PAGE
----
Thank you, Han Shaogong, for a wonderful, thought-provoking novel. The fiction you deliver, cloaked in the garb of a regional history, transcends time, place, and language to offer an incredibly precise and well-crafted definition of 'being.' Your point concerning the importance of defining experience and expression on a scale less grand than that of global village is well-delivered and it imbues A Dictionary of Maqiao with a message of hope. As more readers come to this book, may it gain the recognition it deserves. We in Western culture are lucky to have this story available to us in translation.
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By A Customer
Format:Hardcover
This book takes me back to my home, a village in Southern Hunan Province, China, and to my childhood. When I was reading, the stories and the people jump out of the book onto my memory. It reminds me of my childhood friends, my relatives, the village doctors, the traveling smith and craftsmen.
When I was 6 or 7 years old, I often grazed water buffalos with my friends in the slops of Wuling (Five Peaks) Mountain. One day we saw a World War II bomb delivered by the Japanese airplane. We were so curious, excited and naïve. We moved it to the grain yard of our agricultural production brigade on the buffalos?back. Fortunately, the explosive was already gone possibly because of aging and weathering. This book forces me to recall the detail of this incident and reassure that nobody was hurt by our ignorance.
During that time our village was often visited by a locksmith, who is the one spoke "xiang qi?accent. He was tall with broad shoulders and white beard. He carried two cabinets covered by glasses on a bamboo pole. Whenever he came, we surrounded his workshop area in the grain yard. He was always accompanied by a young boy of our age. I never figured out why that boy would play with us while the locksmith was making the 5 or 10 cent deals with the adults. The visit was usually about two to three hours. Then they left for other villages. We saw them off in sun and in rain. They did not take away anything from us. But they brought us excitements every time.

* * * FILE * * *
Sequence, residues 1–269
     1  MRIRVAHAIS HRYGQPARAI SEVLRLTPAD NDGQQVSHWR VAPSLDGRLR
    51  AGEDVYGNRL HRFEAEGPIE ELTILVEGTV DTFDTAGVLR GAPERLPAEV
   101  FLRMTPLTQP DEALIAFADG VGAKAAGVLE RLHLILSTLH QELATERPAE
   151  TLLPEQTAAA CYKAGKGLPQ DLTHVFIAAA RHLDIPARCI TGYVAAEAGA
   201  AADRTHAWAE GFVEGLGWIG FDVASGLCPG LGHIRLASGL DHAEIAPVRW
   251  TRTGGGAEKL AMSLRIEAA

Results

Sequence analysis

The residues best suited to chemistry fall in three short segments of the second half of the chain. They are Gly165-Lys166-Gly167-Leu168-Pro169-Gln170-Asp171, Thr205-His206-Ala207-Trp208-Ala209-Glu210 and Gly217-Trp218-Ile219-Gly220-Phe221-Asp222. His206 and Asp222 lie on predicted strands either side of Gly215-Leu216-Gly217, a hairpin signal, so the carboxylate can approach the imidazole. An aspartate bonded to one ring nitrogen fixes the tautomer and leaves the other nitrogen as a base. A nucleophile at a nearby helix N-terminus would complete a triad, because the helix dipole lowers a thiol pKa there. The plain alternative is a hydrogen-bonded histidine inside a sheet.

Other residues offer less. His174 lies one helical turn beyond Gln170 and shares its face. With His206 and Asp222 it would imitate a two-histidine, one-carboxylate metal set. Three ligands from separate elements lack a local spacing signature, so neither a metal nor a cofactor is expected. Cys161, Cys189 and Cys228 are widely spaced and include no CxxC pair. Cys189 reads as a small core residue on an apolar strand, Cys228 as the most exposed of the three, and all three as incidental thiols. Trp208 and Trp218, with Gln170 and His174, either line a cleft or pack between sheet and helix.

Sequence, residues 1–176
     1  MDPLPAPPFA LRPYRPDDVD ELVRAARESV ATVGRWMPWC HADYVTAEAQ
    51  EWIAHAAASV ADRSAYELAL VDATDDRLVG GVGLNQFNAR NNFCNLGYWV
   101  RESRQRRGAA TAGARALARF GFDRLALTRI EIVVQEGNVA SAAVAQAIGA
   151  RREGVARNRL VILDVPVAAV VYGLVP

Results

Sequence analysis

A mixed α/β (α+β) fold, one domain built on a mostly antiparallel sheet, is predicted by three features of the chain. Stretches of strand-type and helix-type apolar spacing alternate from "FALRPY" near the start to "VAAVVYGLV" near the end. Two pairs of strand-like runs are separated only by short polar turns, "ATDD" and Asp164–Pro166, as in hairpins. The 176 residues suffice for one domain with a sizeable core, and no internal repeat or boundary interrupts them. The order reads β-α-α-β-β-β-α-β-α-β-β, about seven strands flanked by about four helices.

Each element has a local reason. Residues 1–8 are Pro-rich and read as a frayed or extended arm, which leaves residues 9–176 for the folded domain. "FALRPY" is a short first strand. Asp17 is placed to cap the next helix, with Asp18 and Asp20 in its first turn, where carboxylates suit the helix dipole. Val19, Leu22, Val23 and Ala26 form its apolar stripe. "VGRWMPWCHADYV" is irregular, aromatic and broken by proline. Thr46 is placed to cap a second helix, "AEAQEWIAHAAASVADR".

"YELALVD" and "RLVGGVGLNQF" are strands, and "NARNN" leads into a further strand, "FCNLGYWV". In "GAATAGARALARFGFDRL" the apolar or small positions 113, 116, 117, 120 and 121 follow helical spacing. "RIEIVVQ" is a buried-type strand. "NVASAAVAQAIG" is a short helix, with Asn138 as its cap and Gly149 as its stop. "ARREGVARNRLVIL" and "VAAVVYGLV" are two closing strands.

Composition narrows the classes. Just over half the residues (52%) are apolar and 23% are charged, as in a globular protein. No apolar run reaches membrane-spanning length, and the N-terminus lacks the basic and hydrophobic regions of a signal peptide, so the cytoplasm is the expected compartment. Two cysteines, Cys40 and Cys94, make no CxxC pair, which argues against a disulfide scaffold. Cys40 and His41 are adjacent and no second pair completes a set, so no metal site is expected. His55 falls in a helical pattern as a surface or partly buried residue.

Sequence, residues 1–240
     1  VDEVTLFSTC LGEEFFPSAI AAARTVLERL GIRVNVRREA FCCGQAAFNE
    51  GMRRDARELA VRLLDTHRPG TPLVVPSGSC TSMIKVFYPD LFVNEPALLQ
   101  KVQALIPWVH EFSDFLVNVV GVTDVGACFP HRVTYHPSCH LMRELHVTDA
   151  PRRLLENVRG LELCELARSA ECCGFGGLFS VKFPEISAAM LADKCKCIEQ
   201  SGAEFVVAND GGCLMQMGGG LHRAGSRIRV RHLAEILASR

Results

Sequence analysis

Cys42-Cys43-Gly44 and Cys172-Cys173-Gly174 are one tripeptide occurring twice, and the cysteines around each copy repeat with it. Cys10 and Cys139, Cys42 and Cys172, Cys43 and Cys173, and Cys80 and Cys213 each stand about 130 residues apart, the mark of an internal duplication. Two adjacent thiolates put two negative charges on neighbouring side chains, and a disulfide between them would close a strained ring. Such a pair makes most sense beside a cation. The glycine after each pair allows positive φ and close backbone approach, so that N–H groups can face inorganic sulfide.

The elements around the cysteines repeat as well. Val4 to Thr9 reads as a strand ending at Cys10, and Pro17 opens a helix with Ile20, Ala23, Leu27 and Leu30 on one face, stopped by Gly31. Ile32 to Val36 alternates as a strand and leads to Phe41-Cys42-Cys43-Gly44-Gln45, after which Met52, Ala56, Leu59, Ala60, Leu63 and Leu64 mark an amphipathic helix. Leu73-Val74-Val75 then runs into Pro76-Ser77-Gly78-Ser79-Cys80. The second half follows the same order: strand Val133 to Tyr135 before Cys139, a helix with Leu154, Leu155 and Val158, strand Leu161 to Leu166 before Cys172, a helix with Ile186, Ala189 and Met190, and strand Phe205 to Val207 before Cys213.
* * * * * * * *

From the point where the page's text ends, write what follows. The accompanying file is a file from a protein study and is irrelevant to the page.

In our area, we had village doctors they used to practice Chinese medicine in Jianxi province. They always told us that people from Jianxi province were our relatives. We greeted each other "Lao Biao? I would always have remembered them because I was often sent by my mom to ask for medicine help when our family members felt unease.
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5.0 out of 5 stars Maqiao Mysteries Sept. 29 2003
By A Customer
Format:Hardcover
This masterful and quite heady novel tackles the history of a fictitious town buried deep in China, a place protected by rivers and mountains. When a a "sent-down" worker from the city joins a group of urbanites to live in the town, they discover a place that's almost a metaphor for Chinese life -- cast in reverse.
Han Shaogong guides the reader through the fictitious author's "dictionary" of Maqiao, which acquaints us with a baffling set of customs, and a people who view themselves as a kind of "Middle Kingdom," in which the outside world is shunned. The novel becomes an inventive expose of Shaogong's sometimes profound insights into the restrictions of culture and language. The book's episodes can be rigorously dry or unexpectedly moving.
The diligent reader will be rewarded. The depth and honesty of Shaogong's insights reach to the present day, and his small town of Maqiao is certain to leave a deep impression. This prize-winning novel is a dictionary that compels your interest and enjoyment..
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5.0 out of 5 stars Magnificent - fuses experimentalism and localism July 31 2003
Format:Hardcover
This is an unmistakable classic: beautifully written by Han Shaogong and superbly translated by Julia Lovell. Anyone who feels fatigued with contemporary American or British fiction should read this for an object lesson in what is being produced out there, in foreign languages, and how important it is that we keep our translation market alive.